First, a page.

After discarding I did consider, as Kondo suggests, putting all the toys in one room but this just wouldn’t work in our household. We have toys in the play room and also in each of the kid’s rooms. I did categorise them and went a little cray-cray with the labeling machine labeling each drawer with what went inside. Since neither of my children can read this was really for my happiness but I am hoping one day it will help them keep order in their room too.
Label obsession! 
I also found that only keeping the toys that ‘spark joy’ didn’t really apply here, because honestly none of their toys bring ME joy! But my basic method for deciding what to keep and what to get rid of was anything that was too young for them was gone, any duplicates-gone, anything they hadn’t played with in ages was also given the boot. In the end we had about 5 garbage sized bags that were either sold, or given away and probably only one that went straight to the bin.

How would I rate my success? I would say 7 out of 10. This method is hard to apply to things that a) aren’t yours and b) they will grow out of. Will this be the end of ‘tidying’ the kids’ toys? NO WAY. It just doesn’t work that way with kids, they grow out of things and are also given new toys all the time. (GRRRR!). But I did feel we have relieved ourselves of a bit of the burden that was starting to overtake us.
Here is the playroom end result!

So to recap, my top tips on ‘KonMari-ing’ kids toys:

  1. Do what Kondo suggests and don’t start with the toys, ease you way into decluttering and do the easier categories first like clothes or books.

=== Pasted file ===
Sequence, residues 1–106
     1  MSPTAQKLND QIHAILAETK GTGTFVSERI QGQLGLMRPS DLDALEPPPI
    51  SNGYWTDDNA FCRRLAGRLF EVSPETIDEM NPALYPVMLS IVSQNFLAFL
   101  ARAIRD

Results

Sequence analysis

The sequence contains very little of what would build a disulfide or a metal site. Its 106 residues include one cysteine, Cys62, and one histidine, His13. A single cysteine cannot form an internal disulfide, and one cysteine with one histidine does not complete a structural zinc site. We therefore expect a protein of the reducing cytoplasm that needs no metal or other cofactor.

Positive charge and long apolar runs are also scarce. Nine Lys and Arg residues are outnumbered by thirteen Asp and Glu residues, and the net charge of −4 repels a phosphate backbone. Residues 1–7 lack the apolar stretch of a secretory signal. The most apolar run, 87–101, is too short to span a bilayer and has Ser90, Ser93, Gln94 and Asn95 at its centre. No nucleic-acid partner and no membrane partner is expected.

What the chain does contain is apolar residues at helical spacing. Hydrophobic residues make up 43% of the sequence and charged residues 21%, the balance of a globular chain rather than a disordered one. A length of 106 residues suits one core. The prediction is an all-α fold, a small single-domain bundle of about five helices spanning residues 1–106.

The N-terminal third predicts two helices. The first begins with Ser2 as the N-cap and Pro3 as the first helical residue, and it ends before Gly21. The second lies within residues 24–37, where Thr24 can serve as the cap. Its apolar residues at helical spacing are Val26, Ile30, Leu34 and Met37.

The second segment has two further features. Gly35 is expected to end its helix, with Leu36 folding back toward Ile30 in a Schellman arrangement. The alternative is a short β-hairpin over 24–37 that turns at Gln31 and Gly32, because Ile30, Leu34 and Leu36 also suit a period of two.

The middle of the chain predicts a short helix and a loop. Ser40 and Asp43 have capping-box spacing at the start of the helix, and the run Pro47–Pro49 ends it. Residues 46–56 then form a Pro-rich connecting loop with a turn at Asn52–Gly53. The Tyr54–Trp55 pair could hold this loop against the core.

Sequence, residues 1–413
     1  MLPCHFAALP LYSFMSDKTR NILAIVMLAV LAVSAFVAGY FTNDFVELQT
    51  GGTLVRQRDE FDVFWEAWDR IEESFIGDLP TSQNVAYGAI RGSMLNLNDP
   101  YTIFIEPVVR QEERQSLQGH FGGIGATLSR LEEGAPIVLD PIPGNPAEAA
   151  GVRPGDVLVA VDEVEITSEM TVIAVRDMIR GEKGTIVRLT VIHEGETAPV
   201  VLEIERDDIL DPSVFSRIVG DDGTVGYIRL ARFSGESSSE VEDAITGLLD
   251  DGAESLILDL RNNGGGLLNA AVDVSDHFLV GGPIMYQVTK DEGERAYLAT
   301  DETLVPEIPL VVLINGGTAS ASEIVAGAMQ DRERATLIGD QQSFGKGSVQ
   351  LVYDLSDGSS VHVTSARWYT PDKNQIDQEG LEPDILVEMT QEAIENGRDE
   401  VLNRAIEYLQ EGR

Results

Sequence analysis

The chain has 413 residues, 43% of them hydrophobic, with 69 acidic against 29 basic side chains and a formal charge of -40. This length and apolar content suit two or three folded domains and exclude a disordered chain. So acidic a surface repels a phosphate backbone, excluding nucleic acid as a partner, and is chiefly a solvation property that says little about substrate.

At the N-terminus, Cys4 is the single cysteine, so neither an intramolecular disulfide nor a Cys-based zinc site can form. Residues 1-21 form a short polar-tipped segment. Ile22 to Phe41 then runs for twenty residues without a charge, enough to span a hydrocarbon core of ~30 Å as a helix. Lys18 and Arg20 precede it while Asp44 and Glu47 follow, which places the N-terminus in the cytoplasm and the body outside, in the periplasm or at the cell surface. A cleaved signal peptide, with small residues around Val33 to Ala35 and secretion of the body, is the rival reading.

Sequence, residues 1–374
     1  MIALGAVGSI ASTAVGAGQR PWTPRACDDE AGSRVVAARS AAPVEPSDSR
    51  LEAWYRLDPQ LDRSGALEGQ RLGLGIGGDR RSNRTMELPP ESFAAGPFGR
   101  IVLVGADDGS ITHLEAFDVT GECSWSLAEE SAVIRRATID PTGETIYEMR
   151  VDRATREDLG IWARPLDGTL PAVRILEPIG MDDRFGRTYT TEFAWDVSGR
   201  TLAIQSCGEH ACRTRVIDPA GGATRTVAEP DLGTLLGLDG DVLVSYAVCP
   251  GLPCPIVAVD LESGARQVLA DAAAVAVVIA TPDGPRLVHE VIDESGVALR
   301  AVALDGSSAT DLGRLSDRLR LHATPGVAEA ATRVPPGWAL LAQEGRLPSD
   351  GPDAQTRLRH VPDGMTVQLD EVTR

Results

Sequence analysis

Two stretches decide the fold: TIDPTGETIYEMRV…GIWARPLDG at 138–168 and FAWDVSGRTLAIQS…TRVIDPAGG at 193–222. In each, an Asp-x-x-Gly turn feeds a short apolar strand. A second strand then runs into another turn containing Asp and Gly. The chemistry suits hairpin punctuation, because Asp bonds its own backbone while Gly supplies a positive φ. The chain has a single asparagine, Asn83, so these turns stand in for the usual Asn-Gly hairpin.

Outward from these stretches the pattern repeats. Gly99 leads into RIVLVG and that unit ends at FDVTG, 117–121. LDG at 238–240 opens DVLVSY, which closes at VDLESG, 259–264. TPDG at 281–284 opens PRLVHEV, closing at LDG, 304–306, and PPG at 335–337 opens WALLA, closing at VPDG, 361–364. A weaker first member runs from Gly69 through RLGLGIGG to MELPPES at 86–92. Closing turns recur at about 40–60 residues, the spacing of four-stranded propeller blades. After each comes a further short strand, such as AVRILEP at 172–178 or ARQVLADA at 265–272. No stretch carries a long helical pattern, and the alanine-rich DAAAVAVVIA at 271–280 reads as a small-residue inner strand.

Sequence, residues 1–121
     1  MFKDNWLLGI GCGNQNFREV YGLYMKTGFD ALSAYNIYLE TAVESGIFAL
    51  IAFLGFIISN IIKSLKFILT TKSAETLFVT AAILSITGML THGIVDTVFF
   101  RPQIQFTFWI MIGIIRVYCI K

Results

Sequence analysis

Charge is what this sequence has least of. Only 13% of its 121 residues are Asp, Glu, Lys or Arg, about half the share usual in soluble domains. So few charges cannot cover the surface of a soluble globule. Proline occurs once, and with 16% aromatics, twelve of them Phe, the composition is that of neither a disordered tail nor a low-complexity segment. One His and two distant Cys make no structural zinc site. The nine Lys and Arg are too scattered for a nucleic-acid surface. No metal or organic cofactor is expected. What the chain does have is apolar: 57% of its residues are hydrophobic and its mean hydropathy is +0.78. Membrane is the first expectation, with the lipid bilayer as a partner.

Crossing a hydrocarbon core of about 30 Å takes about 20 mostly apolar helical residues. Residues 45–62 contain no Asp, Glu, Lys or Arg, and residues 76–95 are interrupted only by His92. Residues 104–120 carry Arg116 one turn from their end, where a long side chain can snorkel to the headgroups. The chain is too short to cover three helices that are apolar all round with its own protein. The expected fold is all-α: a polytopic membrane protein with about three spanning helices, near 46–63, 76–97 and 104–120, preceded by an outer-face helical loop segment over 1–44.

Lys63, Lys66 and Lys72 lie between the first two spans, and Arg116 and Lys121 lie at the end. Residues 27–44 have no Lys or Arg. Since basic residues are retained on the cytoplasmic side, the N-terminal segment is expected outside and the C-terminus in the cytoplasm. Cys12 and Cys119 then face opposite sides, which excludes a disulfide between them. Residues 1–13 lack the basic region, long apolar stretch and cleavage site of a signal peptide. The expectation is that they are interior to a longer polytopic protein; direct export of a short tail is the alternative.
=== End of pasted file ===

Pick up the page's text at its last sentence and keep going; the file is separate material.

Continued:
2. Do put all the toys on the floor in one pile so you can see them all. I had toys in boxes in the garage waiting for a ‘rotation’ that never happened. It’s amazing how many you have when you look at them altogether.
  3. Get the kids to make as many of the decisions as you can. Give them a limit as to how many they can keep and you’ll be surprised how well they respond to having a say in what stays and what goes.
  4.  Get rid of any broken toys, or ones that have missing parts, also give away anything that you have more than one of and things that aren’t age appropriate for your children.
  5. Get the ‘discarded’ toys out of the house ASAP. I put the ones that were in great condition on a Facebook Buy, Swap and Sell site and sold heaps in few first few days. I gave myself a time limit of a week and anything not sold was given to charity or to friends. If you leave them hanging around they are in danger of ending back with the other toys. It also gives you immediate gratification to see less clutter and spurs you on to more!
  6. Organise toys into categories and label (if so desired- I would have put picture labels on the drawers if I had them). We have the Ikea Trofast storage and find these great in keeping things stored away.
  7.  Accept that the ‘tidy once’ goal that Kondo spruiks isn’t going to happen with kids but it may happen less often if you are to follow her guidelines as much as possible.
  8. Don’t be too tough on yourself or the kids when you are left with more toys than you had hoped. In reality although we would all love one drawer of toys for each child this isn’t really achievable for most families.



Hope this helps the other aspiring anal-retentive mums out there!

Happy KonMari-ing!


Watch this space for my post on KonMari-ing the kids clothes – now this does give you the decluttering thrill Kondo promises!! ;)


2 comments:

  1. That looks great. I need to get around to the clothes too. And to get tougher with the soft toys! I did a clean out two years ago and the box is still sitting in the garage waiting for me to get brave enough to do something more with them.

    With the containers, I took a photo of an example of what was inside (so for our trains - a photo of three trains even though the box contains seventy billion) and printed it out and stuck that on the outside so the kids could see what went where.

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    Replies
    1. Thanks for reading! Yes I love the idea of putting photos on the outside of the boxes. On my to do list!